Memoirs of His Royal Highness the Prince of Wales, Volume 3

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J.F. Hughes, 1808 - Great Britain

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Page 20 - If I could submit in silence to such indignities, I should indeed deserve such treatment, and prove to the satisfaction of your enemies, and my own, that I am entirely incapable of those exertions which my birth and the circumstances of the times peculiarly call for. Standing so near...
Page 19 - Majesty, with all humility and respect, that, conscious of the justice of my claim, no human power can ever induce me to relinquish it. Allow me to say, Sir, that I am bound to adopt this line of conduct by every motive dear to me as a man, and sacred to me as a prince.
Page 6 - ObvioUs, that the circumstances of the times required the voluntary tender of personal services ; when parliament, in consequence of this representation, agreed to extraordinary measures for the defence of these realms alone, it was evident the danger was not believed dubious or remote. Animated...
Page 41 - DEAR BROTHER, I HAVE received your letter this morning, and am sorry to find that you think that I have misconceived the meaning of your first letter, the whole tenor of which, and the military promotion which gave rise to it, led me naturally to suppose your desire was, that I should apply to his Majesty, in my official capacity, to give you military rank, to which might be attached the idea of subsequent command. That I found myself under the necessity of declining, in obedience to his Majesty's...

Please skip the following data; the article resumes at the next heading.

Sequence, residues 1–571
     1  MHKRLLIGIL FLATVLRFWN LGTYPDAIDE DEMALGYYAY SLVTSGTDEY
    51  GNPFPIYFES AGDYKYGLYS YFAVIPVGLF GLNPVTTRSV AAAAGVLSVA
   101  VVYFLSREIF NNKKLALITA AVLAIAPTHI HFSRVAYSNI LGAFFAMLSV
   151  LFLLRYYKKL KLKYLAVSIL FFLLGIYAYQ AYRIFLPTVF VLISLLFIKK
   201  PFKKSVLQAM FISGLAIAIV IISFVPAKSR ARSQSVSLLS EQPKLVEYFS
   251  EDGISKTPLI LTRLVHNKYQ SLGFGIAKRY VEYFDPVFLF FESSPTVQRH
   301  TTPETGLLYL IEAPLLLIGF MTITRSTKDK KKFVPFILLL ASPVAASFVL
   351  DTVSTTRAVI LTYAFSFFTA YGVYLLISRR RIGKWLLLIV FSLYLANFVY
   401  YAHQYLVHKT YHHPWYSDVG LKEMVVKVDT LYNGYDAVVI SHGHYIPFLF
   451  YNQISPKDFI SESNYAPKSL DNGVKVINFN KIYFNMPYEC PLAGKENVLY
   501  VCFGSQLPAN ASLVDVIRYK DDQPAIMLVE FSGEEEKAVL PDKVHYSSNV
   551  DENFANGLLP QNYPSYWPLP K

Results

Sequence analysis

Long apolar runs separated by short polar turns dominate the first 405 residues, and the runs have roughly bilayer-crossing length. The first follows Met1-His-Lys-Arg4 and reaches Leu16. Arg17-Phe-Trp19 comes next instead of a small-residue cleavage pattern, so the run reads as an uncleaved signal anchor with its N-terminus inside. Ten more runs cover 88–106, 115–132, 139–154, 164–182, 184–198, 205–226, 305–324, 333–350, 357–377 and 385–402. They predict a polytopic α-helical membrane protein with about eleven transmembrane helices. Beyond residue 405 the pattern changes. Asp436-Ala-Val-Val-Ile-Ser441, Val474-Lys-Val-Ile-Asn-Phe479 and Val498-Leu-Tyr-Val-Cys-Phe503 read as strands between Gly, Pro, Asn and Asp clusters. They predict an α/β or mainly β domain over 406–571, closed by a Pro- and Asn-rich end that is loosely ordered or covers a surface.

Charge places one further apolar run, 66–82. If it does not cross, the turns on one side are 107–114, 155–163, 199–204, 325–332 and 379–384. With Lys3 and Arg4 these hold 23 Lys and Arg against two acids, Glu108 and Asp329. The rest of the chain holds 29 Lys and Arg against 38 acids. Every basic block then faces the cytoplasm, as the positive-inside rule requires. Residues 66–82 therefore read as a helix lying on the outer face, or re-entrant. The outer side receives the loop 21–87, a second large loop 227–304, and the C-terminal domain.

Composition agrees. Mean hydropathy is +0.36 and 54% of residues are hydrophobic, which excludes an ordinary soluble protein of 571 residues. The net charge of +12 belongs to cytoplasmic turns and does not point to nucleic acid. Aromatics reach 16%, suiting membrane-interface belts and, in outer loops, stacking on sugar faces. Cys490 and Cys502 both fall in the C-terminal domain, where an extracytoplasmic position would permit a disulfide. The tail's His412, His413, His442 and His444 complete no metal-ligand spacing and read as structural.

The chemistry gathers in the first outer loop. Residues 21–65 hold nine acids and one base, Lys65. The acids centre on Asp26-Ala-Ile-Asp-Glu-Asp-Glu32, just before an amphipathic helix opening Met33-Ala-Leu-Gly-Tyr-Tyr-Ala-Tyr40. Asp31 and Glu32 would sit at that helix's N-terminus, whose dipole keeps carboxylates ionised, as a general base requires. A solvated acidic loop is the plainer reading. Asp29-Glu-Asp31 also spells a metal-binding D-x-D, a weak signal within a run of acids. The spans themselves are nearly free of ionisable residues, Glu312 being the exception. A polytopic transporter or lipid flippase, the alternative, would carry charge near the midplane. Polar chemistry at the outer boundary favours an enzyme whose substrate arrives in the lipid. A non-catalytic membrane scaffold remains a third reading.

Page 43 - ... to the necessity of further explanation on a subject which it was my earnest wish to have closed, and which was of so clear and distinct a nature, as, in my humble judgment, to have precluded the possibility of either doubt or misunderstanding. 'Surely there must be some strange fatality to obscure...
Page 23 - Should the implacable enemy succeed so far as to land, you will have an opportunity of shewing your zeal at the head of your regiment. It will be the duty of every man to stand forward on such an occasion ; and I shall certainly think it mine to set an example, in defence of every thing that is dear to me and my people. " I ever remain, my dear son, " Your most affectionate father,
Page 28 - By last night's Gazette, which I have this moment received, I perceive that an extensive promotion has taken place in the army, wherein my pretensions are not noticed ; a circumstance which, whatever may have happened...
Page 17 - Addington and myself, on a subject -which deeply involves my honour and character. The answer which I have received from that gentleman, and the communication which he has made to the house of commons, leave me no hope but in an appeal to the justice of your majesty. I make that appeal with confidence, because I feel that you are my natural advocate, and with the sanguine hope that the ears of an affectionate father may still be opened to the supplications of a dutiful son.
Page 18 - ... lifeless spectator of the mischiefs which threaten us ; unconscious of the dangers which surround us, and indifferent to the consequences which may follow. Hanover is lost, England is menaced with invasion, Ireland is in rebellion, Europe is at the foot of France.

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